7. Paint the Lake DistrictEngage with some of the UK's most beautiful scenery as you learn to paint watercolours on location in the Lake District. Artist Jane Ward teaches four-day courses to small groups including both beginners and those looking to improve and at the end of a hard day's art, you go back to stay at the fabulously located Glenthorne Guest House in Ambleside. For more info: janeward.co.uk/painting-holidays/
8. See dolphins in the wild
You don't need to go abroad to see dolphins, whales, sharks, seals and porpoises in the wild: they are regularly sighted in the Hebrides. Sea Life Surveys specialise in wildlife trips from their base on the isle of Mull.
9. Sleep in a log cabinSwallowtail Hill Farm in Rye, Sussex, has been actively developing biodiversity for more than a decade – meaning there's plenty of bird life, butterflies and barn owls in the area, alongside regular farm animals.
The kids can feed the goats while you learn to drive a tractor. Out in the woods and fields, there are several equally idyllic accommodation options, including Hansel and Gretel-style cottages-on-wheels and cosy log cabins.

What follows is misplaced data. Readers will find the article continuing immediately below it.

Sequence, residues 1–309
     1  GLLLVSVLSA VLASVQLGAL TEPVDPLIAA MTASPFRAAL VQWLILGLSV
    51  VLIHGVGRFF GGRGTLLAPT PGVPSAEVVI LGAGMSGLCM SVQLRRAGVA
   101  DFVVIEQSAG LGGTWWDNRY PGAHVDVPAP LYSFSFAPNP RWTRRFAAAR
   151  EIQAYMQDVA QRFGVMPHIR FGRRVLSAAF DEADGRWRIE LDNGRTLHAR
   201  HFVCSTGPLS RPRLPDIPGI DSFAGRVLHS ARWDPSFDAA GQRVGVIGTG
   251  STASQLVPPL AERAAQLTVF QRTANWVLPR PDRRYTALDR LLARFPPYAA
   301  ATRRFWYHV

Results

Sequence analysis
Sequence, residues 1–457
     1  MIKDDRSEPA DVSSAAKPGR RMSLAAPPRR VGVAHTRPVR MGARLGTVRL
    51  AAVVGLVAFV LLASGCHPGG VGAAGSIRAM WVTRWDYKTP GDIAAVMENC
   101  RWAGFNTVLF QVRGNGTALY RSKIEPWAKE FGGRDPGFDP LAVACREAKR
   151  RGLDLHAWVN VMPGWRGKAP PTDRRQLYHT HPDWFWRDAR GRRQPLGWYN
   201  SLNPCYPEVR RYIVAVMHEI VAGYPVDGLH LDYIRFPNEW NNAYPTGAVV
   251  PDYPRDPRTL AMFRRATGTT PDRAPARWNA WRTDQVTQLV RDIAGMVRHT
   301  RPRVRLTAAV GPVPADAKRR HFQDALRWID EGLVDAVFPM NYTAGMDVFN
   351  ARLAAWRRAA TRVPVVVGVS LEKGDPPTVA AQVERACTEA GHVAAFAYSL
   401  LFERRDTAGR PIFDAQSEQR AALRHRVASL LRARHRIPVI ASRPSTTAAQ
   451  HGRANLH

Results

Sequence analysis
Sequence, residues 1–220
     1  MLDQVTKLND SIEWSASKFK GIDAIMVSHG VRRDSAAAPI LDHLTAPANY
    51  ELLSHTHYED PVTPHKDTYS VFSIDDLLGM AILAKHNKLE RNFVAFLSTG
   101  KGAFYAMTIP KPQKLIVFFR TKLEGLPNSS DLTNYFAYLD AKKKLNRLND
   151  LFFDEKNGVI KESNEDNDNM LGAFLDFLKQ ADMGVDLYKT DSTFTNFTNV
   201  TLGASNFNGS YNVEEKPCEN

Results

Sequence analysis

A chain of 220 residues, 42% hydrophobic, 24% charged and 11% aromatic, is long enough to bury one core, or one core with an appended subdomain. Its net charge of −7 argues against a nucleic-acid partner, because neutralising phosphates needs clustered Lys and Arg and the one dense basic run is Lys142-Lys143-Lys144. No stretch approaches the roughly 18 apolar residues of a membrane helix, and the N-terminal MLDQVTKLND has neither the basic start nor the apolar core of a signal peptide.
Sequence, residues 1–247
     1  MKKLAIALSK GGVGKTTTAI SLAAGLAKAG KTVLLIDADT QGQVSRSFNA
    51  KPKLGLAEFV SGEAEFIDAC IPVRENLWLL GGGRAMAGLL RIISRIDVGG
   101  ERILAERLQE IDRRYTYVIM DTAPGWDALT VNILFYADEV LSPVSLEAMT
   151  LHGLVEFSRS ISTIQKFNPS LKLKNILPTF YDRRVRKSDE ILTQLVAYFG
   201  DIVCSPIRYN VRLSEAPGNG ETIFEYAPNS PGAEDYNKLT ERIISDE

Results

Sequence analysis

10. Join the have-yachts
If you fancy holidaying like the super-rich, then how about a night on Sunborn, a 108-metre yacht moored at the Royal Victoria Dock in London? Spend the day taking in the sights of the capital, before returning to the yacht for fine dining in the restaurants with views across the lights of the city.
11. Live on a Yellow Submarine
In the town where the Beatles were born you can stay on a narrowboat reinvented as a yellow submarine. The outside: just as you would hope. The inside: a glitzy celebration of 60s pop style, complete with Beatles gold discs and a scooter from Quadrophenia. Unique. Sleeps up to eight people.
12. Make history
Or, at least, help uncover history. Orkney archaeology tours offer you the chance to spend a week at the north Scotland archipelago under the expert guidance of professional archaeologists. They will guide you over Neolithic and Viking sites as well as more modern digs. Only available to a maximum of eight people at a time, this is a real hands-on experience with the opportunity to see 'live' excavations.
13. Sleep in a Napoleonic fort
Many of the mini castles built around the coast to keep Napoleon out 200 years ago have now been converted into holiday lets, including the Martello Tower on the coast at Aldeburgh, Suffolk. They make for spacious interiors, great sea views (of course) and unique holiday experiences.
14. Stay in a castle
Clytha Castle is a fairy-tale-style folly in the middle of the Welsh countryside that has been beautifully restored as holiday accommodation, sleeping up to six people.